Police Capture Dylann Roof, White Gunman Who Killed Nine in Black Charleston Church

Police Capture Dylann Roof, White Gunman Who Killed Nine in Black Charleston Church
Source: AP
Source: AP

Nine people were killed after a gunman opened fire Wednesday night at the Emanuel African Methodist Episcopal Church in Charleston, South Carolina. Among the dead was the church's pastor, South Carolina state Sen. Clementa Pinckney.

On Thursday morning, police had apprehended the suspected shooter identified as Dylann Storm Roof, a 21-year-old white male. 

At a news conference shortly after the incident, city police Chief Greg Mullen called the shooting a hate crime. On Thursday, the Department of Justice, FBI and U.S. Attorney's Office launched an official hate crime investigation, ABCNews reported. 

"This is a tragedy that no community should have to experience," Mullen told assembled reporters. "It is senseless and unfathomable that someone would go into a church where people were having a prayer meeting and take their lives," the New York Times reported.  

Charleston Mayor Joseph P. Riley Jr. announced the city would be offering a reward for information leading to the shooter's capture. 

According to a survivor, the gunman briefly may have prayed before opening fire and allowing certain individuals to go free. 

Police have released a photo of the suspect who remained at large as of Thursday morning as well as images of the black sedan he was driving.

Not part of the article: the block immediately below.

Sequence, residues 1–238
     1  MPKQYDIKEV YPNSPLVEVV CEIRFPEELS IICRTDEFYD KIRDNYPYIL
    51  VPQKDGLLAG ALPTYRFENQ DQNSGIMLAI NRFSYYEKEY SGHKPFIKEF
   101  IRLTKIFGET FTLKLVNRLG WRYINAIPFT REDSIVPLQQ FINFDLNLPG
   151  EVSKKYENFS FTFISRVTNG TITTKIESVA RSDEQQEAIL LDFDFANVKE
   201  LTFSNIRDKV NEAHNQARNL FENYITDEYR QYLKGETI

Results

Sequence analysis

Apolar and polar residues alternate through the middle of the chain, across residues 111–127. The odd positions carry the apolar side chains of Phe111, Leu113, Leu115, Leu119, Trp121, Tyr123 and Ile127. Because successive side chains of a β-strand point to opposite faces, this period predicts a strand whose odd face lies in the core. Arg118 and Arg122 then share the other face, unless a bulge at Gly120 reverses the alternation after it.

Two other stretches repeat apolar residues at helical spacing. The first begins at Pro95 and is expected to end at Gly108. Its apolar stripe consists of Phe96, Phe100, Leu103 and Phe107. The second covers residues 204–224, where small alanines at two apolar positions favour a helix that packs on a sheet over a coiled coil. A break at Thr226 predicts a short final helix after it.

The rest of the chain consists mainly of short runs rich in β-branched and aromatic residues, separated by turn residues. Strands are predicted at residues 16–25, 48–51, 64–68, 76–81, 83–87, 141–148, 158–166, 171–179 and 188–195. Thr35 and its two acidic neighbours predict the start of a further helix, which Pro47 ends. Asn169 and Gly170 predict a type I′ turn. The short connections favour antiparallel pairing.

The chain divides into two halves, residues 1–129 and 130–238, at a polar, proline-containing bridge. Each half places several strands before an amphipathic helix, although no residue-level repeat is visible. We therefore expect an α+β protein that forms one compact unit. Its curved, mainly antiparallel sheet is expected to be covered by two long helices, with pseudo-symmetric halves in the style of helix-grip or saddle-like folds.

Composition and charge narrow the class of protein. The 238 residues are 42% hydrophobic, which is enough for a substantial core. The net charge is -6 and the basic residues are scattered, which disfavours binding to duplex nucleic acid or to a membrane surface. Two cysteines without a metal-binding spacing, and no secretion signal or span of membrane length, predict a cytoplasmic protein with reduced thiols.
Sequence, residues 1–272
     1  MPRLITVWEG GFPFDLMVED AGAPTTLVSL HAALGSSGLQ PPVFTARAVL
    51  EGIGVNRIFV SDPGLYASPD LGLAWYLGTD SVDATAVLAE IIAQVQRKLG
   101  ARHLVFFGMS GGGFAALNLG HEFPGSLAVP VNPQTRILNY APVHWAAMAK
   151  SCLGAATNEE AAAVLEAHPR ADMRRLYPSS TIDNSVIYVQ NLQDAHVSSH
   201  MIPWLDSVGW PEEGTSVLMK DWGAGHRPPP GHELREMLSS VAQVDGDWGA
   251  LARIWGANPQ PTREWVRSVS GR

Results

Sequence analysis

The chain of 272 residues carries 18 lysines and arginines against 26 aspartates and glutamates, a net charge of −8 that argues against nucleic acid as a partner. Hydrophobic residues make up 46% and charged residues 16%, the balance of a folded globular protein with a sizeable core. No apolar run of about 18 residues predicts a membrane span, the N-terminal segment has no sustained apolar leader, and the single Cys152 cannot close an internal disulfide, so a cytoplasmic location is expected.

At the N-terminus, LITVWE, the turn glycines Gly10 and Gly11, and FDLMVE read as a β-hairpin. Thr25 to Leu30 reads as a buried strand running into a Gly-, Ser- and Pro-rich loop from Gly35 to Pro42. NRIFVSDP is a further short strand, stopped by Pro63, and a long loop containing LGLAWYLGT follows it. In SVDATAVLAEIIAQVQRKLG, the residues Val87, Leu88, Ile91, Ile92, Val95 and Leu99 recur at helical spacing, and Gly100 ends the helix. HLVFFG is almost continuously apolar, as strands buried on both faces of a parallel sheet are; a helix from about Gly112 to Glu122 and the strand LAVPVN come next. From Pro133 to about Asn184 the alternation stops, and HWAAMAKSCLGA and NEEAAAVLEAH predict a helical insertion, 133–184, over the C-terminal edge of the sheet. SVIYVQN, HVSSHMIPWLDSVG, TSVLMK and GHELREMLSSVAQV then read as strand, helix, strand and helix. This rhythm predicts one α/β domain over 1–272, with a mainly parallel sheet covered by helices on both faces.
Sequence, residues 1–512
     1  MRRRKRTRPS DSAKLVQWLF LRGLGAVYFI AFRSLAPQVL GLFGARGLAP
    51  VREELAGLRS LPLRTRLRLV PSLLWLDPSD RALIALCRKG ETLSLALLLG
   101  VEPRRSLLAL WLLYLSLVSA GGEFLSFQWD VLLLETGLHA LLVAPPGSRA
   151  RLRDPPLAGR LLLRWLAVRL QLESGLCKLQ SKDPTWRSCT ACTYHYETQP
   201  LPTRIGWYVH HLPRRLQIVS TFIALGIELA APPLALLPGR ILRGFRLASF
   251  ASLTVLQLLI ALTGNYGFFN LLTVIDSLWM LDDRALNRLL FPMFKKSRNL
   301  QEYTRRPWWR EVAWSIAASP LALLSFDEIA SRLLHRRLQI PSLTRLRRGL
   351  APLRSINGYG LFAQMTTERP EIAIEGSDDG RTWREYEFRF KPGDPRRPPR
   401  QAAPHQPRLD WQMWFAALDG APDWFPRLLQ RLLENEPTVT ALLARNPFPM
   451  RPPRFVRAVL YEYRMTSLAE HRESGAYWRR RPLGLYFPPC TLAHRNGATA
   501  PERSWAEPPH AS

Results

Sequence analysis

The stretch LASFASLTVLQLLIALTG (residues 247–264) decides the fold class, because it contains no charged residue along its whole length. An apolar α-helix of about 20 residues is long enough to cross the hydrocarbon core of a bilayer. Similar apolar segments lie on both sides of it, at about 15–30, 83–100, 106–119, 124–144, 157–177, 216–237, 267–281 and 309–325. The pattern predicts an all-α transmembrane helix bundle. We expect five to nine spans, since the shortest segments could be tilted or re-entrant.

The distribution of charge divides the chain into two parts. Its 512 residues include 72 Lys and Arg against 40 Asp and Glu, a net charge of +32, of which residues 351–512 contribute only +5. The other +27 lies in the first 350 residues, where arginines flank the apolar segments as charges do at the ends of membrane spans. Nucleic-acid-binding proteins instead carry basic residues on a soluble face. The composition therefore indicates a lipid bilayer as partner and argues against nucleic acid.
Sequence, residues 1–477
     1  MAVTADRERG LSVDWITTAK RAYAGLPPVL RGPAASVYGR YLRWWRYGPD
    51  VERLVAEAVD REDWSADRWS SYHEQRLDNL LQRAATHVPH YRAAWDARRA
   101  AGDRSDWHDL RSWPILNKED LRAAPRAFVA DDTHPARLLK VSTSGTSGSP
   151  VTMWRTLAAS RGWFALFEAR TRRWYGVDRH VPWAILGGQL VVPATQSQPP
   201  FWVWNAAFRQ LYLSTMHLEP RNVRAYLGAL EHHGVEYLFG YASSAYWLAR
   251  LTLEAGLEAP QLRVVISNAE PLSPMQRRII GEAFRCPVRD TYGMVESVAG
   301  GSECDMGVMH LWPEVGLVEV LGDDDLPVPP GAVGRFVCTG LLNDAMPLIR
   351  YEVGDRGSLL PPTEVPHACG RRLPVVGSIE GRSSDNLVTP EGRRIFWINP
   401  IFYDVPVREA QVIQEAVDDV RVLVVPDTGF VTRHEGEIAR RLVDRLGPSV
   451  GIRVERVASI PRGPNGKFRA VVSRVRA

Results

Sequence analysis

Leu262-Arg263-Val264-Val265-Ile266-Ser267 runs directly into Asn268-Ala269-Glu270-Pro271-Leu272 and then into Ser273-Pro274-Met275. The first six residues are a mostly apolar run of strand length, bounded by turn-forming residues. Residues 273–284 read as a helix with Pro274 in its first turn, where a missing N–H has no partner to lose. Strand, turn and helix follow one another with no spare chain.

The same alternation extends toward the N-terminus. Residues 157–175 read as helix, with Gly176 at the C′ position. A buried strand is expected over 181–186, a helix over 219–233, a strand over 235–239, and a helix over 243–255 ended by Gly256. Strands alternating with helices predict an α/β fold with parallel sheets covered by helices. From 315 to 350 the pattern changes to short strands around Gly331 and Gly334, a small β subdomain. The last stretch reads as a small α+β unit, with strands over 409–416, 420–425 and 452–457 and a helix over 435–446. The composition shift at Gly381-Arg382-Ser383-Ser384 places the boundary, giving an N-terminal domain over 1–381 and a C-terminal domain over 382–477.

Suspected Charleston shooter
Source: 
Charleston Police
Car of suspected Charleston shooter
Source: 
Charleston Police

Pinckney had been an outspoken advocate for the black community in the state legislature and had focused on issues of body cameras as a way to curb police brutality. Charleston sits just south of where a police officer fatally shot and killed Walter Scott, an unarmed middle-aged black man, in early April. The murder was misrepresented at the time by the officer, Michael Slager, and only received national attention after video taken by a bystander emerged. 

The attack by a white male against one of the oldest historically black churches in the South rekindled painful memories of racial violence from a different era. NAACP president Cornell William Brooks released a statement after the shooting condemning the violence, saying that "our heartfelt prayers and soul-deep condolences go out to the families and community of the victims."


Photos from Charleston showed the anguish and chaos of the moment as officials scrambled to find the shooter and make sense of the tragedy. 

Reaction online was also one of grief with users flooding social networks to share their condolences. Throughout Wednesday night and Thursday morning, the hashtag #CharlestonShooting was trending on social media.

Thursday, June 18, 2015 10:16 a.m. This story has been updated.

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Jon Levine

Jon Levine is a staff writer at Mic, covering politics and people. He is based in New York and can be reached at JLevine@mic.com.

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